What’s On My Mind: Keeping Vanderbilt moving

Every day, nearly 23,000 staff, faculty, students and visitors traverse Vanderbilt’s campus. Of those 23,000, many of us, including me, commute to the university. We compete for space on roads, bike lanes and sidewalks with the people traveling to the ever-busier Midtown business corridors and the thousands who visit Vanderbilt University Medical Center each day. No matter how you get to campus, it’s clear that congestion is a growing issue for Nashville and for Vanderbilt.

The success of our university and our city are closely intertwined. For decades, Vanderbilt has contributed significantly to the vitality and growth of Nashville, while the creative spirit of the city makes it easier than ever to attract top students, faculty researchers and talented staff members to campus.

Now, America is taking notice of our remarkable town-gown dynamic. Just this week, Amazon announced its decision to add 5,000 high-paying jobs here. On the same day, accounting firm EY said it would add 600 jobs—and that’s on top of investment bank Alliance Bernstein’s announcement in May that it would relocate its headquarters from Wall Street to Nashville.

Both Vanderbilt and Nashville are excited to welcome these new opportunities to our community. But it also means we’ll continue to see rapid growth, which is why we must carefully plan for the use of every inch of our precious campus footprint—and have a seat at the table as Nashville figures out its plan for the future.

Thanks to the leadership of Vice Chancellor for Administration Eric Kopstain and many others, Vanderbilt is thinking about growth and transportation through MoveVU, our mobility strategy. It will answer a critical question for Vanderbilt: How do we move our people? The answer will shape our campus, our community and our interactions with each other.

In considering how we move on our campus, we have to be fair, equitable and inclusive in our approach so that everyone who lives and works here is connected in a sustainable way. MoveVU, which will be led by new Executive Director of Mobility Erin Hafkenschiel, will actively engage our community so that we protect and advance the ability for anyone to navigate and use our campus. To achieve this, MoveVU will be—and must be—a collaboration of faculty, administrators, staff, students and our local community.

One of the first steps of MoveVU is to gauge our current movement to inform ways to alleviate congestion and bottlenecks on and around our campus. We are using data sensors developed right here at Vanderbilt by Daniel Work, a faculty member in the School of Engineering. The data provided by his sensors will help us ensure that we are contributing to solutions to gridlock, not furthering the problem. Our university also houses the Vanderbilt Center for Transportation and Operational Resiliency (VECTOR), a research center dedicated to transportation engineering, planning and management. MoveVU is just one demonstration of how our faculty commit to using their expertise to benefit our own community.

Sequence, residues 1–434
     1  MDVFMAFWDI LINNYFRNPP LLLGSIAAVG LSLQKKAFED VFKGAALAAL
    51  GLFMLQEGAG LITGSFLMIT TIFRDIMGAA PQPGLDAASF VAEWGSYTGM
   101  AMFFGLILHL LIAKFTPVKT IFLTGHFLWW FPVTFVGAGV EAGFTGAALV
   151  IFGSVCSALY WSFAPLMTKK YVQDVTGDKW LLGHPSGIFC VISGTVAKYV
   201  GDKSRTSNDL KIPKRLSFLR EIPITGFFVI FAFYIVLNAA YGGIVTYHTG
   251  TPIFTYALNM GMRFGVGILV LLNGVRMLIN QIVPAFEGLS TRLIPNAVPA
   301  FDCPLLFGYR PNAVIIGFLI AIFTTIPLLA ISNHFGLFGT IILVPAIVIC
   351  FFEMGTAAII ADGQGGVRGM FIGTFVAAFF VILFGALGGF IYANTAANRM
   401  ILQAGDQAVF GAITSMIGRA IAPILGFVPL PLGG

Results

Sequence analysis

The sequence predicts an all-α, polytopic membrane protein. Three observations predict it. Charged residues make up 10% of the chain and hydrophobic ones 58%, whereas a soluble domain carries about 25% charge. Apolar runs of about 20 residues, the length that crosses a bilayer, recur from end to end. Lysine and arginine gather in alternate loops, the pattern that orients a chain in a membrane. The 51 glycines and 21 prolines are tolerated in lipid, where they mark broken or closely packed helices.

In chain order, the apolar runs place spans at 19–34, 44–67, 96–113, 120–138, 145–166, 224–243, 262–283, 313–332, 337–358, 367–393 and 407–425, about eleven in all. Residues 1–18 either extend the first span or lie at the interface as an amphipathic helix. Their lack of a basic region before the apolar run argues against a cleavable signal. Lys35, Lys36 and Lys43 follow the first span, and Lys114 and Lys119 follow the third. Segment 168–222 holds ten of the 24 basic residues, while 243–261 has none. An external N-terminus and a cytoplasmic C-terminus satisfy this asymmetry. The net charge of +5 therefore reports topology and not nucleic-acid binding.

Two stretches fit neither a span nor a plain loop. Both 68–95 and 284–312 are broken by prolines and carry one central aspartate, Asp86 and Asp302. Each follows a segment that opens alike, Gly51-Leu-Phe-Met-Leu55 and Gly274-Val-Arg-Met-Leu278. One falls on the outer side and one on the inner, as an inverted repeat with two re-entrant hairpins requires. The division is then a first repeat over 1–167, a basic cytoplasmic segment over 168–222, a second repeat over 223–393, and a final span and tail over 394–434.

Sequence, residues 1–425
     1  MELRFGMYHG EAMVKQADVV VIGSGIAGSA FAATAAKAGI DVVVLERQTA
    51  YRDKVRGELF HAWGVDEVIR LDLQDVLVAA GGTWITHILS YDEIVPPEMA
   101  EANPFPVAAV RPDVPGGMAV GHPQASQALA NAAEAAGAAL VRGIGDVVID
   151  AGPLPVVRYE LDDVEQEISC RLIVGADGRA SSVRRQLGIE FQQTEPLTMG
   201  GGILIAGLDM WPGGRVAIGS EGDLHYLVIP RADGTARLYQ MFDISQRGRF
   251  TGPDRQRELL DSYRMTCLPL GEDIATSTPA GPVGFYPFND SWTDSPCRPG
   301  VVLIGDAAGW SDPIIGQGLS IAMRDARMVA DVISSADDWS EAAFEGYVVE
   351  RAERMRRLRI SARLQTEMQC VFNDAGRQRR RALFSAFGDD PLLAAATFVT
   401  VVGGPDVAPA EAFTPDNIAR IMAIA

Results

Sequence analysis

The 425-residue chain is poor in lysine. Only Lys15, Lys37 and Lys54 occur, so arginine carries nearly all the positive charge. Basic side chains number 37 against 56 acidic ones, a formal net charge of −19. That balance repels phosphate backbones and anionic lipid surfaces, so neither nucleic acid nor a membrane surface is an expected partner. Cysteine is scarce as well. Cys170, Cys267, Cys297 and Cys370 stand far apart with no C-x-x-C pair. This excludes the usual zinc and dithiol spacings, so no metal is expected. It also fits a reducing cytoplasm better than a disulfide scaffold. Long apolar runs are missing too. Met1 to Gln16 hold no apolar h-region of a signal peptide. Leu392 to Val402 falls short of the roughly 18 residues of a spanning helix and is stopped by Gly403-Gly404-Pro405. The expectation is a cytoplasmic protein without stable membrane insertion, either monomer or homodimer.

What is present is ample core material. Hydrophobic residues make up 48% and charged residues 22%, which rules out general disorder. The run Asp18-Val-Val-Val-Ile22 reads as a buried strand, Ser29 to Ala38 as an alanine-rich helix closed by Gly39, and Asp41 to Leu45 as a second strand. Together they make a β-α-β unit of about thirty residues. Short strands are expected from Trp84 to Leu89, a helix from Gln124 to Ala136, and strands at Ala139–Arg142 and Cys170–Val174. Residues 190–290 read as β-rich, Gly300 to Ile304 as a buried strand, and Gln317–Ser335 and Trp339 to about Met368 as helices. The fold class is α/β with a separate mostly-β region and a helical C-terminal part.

Another example includes a collaborative effort to secure funding for our mobility efforts. Last week, Tennessee Department of Transportation Commissioner John Schroer joined me at the Wond’ry during the FutureVU Mobility Expo to announce a mobility grant that, with our match, will total $9 million to support sustainable and accessible transportation methods at Vanderbilt. The grant application was led by Professor of Civil and Environmental Engineering Mark Abkowitz and VECTOR Director Craig Philip, both of whom are considered experts on local and national transportation issues.

FutureVU and MoveVU are exploring the creation of affordable, accessible housing near campus as part of our overall mobility strategy. We are moving forward with plans for a graduate and professional student village that will alleviate the commute for these students and provide community and dynamic programming, which are the hallmarks of our undergraduate residential education experience. We also are exploring the creation of affordable, accessible housing near campus for faculty and staff.

FutureVU is transforming the way that people interact with the physical spaces on our campus, and it is furthering Vanderbilt’s mission of excellence in research, scholarship and inquiry. MoveVU equally will play a critical role in those pursuits. Our university is committed to continuously evaluating how we can be a healthier, more sustainable campus, one that embodies our values and mission of being a positive force in society.